tip off

Pensions, superannuation and the Education of Joe

A debate on changes to the retirement age is welcome, but it’s more complicated than it appears, according to Bernard Keane and Glenn Dyer. And watch out for vested interests …

Joe’s discovered the Intergenerational Report,” a Labor figure said last week. Indeed. Suddenly retirement issues are front-of-mind for Hockey, something they very much weren’t when he sacked the Advisory Panel on Positive Ageing, chaired by Everald Compton, last year. As Compton (not exactly a raving lefty, given his long links with the Nationals) noted in Crikey, dumping the panel was primarily about obliterating any reminders of the treasurership of Wayne Swan.

But there’s one legacy of Swan’s that Hockey must be grateful for — Labor in 2009 decided the pension age would rise from 65 to 67, from 2017 through to 2023. In that period, the preservation age — at which you can access your superannuation — will also rise from 55 to 60.

Why did the preservation age rise as well? Because the policy problem here is removing disincentives for people to keep working if they can. Both access to the age pension and access to super create financial and social disincentives to keep working. The Henry Review recommended that eventually the preservation age rise to the same level as the pension age.

Then again, if you have a set of superannuation tax concessions that cost the budget nearly as much in lost revenue as the cost of the pension itself, you’re offsetting a fair amount of your savings from lifting the pension age — which is exactly what Hockey did last year when he dumped Labor’s (modest) proposal for higher taxes on super earnings over $100,000 pa.

All this could be called the Education of Joe, a process that has been in train since late last year when Hockey got a look at the real numbers about the economy, not the confections from consultants and compliant business economists. The Coalition had blithely issued pre-election assurances that it wouldn’t make any changes to pensions, and they were doubtless honest ones; why on earth would the Coalition want to alienate its key support base? The Coalition had gone after Labor in 2008 for failing to increase the cost of pensions by lifting the pension level, which the Rudd government eventually did. And as Labor’s Chris Bowen pointed out back in February, Hockey remained in that mindset right through until November, when the Productivity Commission recommended the pension age be increased to 70 by 2035. “We have no plans to change the age,” Hockey’s office said, dismissing the PC as “an adviser to government, it’s not the government”.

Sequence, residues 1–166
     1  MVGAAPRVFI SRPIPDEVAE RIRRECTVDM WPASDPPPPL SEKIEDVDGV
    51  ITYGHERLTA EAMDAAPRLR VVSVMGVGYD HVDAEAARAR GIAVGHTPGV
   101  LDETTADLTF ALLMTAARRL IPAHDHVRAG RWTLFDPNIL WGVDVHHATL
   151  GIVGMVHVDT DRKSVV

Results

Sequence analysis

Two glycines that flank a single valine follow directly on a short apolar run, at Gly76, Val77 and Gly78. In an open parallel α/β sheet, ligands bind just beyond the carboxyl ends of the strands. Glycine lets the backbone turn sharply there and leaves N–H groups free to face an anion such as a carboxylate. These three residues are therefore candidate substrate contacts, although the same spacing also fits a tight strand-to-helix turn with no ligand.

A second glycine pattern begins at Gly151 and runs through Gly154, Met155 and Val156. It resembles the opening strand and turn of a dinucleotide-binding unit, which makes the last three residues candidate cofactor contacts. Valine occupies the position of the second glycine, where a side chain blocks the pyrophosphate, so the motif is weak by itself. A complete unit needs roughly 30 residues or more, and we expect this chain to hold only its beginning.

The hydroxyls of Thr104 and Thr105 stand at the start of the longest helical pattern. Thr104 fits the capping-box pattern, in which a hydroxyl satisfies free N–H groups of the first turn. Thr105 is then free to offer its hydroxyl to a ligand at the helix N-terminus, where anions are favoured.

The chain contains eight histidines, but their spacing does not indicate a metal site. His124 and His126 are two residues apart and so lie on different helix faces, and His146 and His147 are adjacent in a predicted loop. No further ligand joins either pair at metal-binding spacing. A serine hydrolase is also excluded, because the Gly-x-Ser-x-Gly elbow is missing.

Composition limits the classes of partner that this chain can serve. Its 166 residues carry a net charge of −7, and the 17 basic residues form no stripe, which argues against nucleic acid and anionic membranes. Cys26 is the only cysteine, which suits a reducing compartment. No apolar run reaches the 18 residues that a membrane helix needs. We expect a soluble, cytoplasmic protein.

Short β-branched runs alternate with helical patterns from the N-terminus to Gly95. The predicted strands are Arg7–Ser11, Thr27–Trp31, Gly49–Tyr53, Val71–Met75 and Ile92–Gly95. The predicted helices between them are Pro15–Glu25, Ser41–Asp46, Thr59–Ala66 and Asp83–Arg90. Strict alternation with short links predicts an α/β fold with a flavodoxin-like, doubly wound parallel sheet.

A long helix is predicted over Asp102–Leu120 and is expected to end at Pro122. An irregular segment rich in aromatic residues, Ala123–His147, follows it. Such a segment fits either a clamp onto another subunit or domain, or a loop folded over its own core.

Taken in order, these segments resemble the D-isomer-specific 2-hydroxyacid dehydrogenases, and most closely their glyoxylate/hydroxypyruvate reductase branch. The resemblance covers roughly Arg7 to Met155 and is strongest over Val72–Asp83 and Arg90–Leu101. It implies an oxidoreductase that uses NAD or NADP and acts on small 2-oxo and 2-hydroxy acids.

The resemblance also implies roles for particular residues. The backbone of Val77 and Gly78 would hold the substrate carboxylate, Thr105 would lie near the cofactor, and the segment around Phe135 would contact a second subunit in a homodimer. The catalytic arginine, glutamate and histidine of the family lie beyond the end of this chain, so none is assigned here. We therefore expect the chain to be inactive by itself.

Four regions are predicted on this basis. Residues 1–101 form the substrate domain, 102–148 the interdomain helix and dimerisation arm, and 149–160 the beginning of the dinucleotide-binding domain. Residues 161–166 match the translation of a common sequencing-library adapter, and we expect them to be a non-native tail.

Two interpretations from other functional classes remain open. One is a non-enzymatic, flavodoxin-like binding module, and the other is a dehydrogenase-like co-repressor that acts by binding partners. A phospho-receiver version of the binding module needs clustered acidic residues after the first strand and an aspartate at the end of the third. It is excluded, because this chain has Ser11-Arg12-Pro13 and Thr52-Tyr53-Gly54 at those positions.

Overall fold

Well, that’s all changed now. Maybe he had a chat with his new Future Fund chairman Peter Costello, who began the Intergenerational Report process in the Howard years.

And, as always in retirement policy, there is the unseen hand of the fee clippers in banks, insurance companies and financial planning …”

As the PC explains, this is complex — it’s not as simple as bumping up the retirement age because we’re living longer. Note that we’re talking about the 2030s and not now, the next budget year or the run-up to the federal election. This is fair dinkum long-term policy making. Some of the complications the PC teases out are:

  • Large numbers of older workers are on the Disability Support Pension because they can’t get work — employers are stigmatising them, or they physically can’t keep working;
  • The practical issue isn’t increase in life expectancy but increase in years of “healthy life expectancy” in which one can actually work, which is less (how many 69-year-old construction industry workers do you know?);
  • Large numbers of workers work more part-time as they near retirement, and our volunteer workforce is primarily people near or in retirement;
  • The interaction of the age pension and superannuation is complex: leaving the preservation age at 60 will leave in place incentives to retire early, especially if one can take super as a lump sum then move onto the age pension or part thereof (with its attendant health care cost benefits). Watch out for changes to the preservation age if and when Hockey’s changes to the retirement age are announced; and
  • On the positive side, the older workforce of the 2030s will be very different to the older workforce of today in educational and skills terms.